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Commentary: Recall a victory for brats, olive branches and hope

Published On: Jun 20 2012 02:26:28 PM CDT
Updated On: Jun 20 2012 02:48:45 PM CDT

By Ellen Foley

Special To Channel 3000

No matter whom you supported June 5, Wisconsin's recall election surprised you.

The media called it at 9:05 p.m., startling everyone, including media commentators like me who were trying to look smart on television but who kept getting interrupted by concession speeches.

"And now to the ballroom where the candidate is ... uh... Is the candidate conceding!?"

Mayor Tom Barrett was slapped by a supporter who was not amused that he conceded early.

When you have this kind of drama at a remote location, no one wants to hear what someone sitting in a Madison studio is saying. It was humbling and a lot of fun.

I was very pleased that Gov. Scott Walker offered a conciliatory tone in his victory speech and invited his friends and foes to a Brat Summit at the residence. We do hope the Walker Administration had read the Foley-At-Large call for more burger nights at Alt n' Bach's Town Tap, but we have no confirmation of that.

While we await another recount in the Racine area to determine if the Democrats or the Republicans have won the Senate majority, Walker's beer and brat invitation was a good olive branch as many tired politicos and faith community leaders pleaded publicly for healing.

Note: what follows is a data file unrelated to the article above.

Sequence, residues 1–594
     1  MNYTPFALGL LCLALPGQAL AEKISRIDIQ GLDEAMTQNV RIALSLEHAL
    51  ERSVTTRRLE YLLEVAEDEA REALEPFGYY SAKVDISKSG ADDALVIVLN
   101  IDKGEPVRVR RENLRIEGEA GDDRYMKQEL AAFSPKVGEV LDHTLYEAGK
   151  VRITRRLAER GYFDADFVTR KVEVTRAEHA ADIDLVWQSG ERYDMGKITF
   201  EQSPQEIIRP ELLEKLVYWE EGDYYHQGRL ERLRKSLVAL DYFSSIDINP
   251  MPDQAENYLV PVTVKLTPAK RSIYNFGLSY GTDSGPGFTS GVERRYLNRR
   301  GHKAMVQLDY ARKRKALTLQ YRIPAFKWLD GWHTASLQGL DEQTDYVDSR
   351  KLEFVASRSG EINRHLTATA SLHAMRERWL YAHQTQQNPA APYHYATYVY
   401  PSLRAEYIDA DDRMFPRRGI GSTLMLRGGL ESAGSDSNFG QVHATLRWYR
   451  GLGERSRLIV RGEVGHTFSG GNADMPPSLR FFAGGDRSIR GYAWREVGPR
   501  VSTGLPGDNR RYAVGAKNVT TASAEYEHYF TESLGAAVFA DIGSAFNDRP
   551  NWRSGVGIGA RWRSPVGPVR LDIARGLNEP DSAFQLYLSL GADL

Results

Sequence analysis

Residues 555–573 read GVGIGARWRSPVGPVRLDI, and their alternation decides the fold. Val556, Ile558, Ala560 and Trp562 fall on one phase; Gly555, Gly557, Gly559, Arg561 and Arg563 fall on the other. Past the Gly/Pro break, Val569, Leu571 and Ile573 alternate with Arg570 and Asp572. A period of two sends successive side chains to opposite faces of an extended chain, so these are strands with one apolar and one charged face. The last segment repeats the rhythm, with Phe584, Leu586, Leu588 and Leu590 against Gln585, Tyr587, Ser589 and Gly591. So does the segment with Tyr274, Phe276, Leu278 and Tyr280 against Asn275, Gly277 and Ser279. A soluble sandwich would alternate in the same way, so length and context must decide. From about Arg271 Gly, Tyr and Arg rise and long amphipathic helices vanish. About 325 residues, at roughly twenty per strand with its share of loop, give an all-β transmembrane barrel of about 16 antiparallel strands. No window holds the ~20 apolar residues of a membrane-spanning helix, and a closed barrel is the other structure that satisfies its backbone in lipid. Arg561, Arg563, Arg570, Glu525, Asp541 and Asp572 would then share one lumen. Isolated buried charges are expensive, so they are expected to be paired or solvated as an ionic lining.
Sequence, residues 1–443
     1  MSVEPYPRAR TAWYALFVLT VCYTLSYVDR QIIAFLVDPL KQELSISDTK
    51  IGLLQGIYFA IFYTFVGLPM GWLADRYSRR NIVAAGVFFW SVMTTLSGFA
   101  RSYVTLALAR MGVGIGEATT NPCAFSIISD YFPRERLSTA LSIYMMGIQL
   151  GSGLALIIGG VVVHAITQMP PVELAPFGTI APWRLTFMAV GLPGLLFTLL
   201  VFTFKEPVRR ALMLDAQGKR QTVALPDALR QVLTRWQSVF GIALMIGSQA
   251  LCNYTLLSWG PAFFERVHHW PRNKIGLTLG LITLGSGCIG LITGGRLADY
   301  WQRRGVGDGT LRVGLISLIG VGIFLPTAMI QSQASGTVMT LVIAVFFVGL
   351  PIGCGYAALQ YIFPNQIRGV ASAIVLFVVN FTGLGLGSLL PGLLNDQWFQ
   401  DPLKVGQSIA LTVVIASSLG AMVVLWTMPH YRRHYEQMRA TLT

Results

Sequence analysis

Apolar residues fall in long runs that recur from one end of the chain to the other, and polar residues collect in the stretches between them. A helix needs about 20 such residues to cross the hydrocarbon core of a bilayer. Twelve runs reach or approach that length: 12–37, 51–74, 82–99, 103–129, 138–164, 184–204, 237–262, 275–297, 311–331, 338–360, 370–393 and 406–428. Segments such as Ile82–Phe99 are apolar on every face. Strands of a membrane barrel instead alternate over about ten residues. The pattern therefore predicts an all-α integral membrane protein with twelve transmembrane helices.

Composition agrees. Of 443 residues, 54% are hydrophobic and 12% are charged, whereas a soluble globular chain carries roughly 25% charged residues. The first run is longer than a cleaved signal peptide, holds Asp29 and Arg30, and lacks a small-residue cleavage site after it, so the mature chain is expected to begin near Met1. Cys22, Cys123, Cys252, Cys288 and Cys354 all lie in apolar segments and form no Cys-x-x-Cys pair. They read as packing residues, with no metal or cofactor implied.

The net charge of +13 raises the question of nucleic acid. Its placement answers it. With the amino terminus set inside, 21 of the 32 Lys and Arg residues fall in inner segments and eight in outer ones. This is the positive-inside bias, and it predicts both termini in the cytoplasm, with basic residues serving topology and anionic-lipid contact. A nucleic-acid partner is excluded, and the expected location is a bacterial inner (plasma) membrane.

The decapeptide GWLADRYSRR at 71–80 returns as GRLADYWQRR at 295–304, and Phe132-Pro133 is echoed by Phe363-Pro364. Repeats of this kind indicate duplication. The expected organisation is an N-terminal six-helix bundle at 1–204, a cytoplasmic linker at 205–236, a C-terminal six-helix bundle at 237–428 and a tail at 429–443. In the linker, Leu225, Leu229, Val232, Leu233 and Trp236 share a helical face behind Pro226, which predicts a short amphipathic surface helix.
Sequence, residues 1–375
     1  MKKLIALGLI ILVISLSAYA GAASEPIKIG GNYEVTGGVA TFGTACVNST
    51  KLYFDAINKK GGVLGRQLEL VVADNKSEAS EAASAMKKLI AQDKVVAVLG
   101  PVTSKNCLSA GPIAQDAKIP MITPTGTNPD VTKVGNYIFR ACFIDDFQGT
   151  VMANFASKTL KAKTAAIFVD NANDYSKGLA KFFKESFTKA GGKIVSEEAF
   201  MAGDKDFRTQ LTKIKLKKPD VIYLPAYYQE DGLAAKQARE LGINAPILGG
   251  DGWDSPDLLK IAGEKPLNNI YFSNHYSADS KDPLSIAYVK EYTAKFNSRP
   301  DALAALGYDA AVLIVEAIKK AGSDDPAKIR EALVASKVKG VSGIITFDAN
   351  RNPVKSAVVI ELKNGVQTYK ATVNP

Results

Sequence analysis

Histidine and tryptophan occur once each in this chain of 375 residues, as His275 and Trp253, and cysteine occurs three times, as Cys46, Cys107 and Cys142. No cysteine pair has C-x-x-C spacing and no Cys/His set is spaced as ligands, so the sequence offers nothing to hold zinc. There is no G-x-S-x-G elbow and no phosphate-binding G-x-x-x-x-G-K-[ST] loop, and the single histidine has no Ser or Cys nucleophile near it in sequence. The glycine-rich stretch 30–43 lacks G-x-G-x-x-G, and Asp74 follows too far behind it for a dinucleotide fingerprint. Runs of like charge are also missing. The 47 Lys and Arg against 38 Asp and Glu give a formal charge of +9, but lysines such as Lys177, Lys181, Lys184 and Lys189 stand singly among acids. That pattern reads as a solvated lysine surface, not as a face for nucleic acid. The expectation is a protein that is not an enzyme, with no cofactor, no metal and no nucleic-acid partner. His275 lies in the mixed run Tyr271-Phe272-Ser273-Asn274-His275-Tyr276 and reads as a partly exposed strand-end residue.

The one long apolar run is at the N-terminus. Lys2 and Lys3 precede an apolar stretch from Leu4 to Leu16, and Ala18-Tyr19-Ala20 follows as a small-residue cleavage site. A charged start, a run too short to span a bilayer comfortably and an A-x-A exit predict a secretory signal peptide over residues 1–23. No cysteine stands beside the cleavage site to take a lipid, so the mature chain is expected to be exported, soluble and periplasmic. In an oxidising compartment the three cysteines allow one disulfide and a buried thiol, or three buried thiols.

My Republican pals do see the victory as a mandate to continue the Walker strategy to shrink government and enhance business prowess. I'm not expecting our governor to stop his campaign to evangelize Wisconsin and other states on his budget priorities.

However, the entire town seems a bit more subdued and a little less cocky. I hope that lasts. The recall was a great opportunity to air many issues. In the end, that painful conversation will bring us closer.

Exit polling told us that many voters did not support the recall of a governor who had not been found guilty of wrong going. It indicates that there are still voters on the fence about our Republican leaders, and my advice to the GOP is to pay attention to that. It could be significant numbers of our neighbors didn't vote for Walker but rather voted against the recall.

Finally, Foley-At-Large offered a free dinner for two to the person who came up with a way to be positive in recall political advertising. No one won.

We got a very nice note from my friend Sharon Kilfoy about a WORT radio program discussing transparency in electioneering. Thanks, Sharon. I'll buy you lunch to get details.

JoAnnNeis Fuchs also posted an appeal for trust rather than a contest entry. She's not a fan of Gov. Walker but she's got an open mind: "I'm in a wait-and-see mode at the moment. I feel our politicians are being bought and paid for by those special interests in both parties," she said. "Campaign reform, like health care reform, are two issues that will not happen as long as big money is being taken by both parties."

John Holcomb, Jr., a local marketing guru and pal, said I didn't ask the contest question correctly and he'll help me next time. I didn't know there was so much science to contests. I say we use Facebook next time.

In the meantime, I figure Wisconsin has another three days of really hot weather to gather our collective breath, and then the fall campaigns will descend. Foley-At-Large will be here to take your comments and help lead our wonderful state back to sanity.

There's hope. If we keep talking to each other, we will find a way. 

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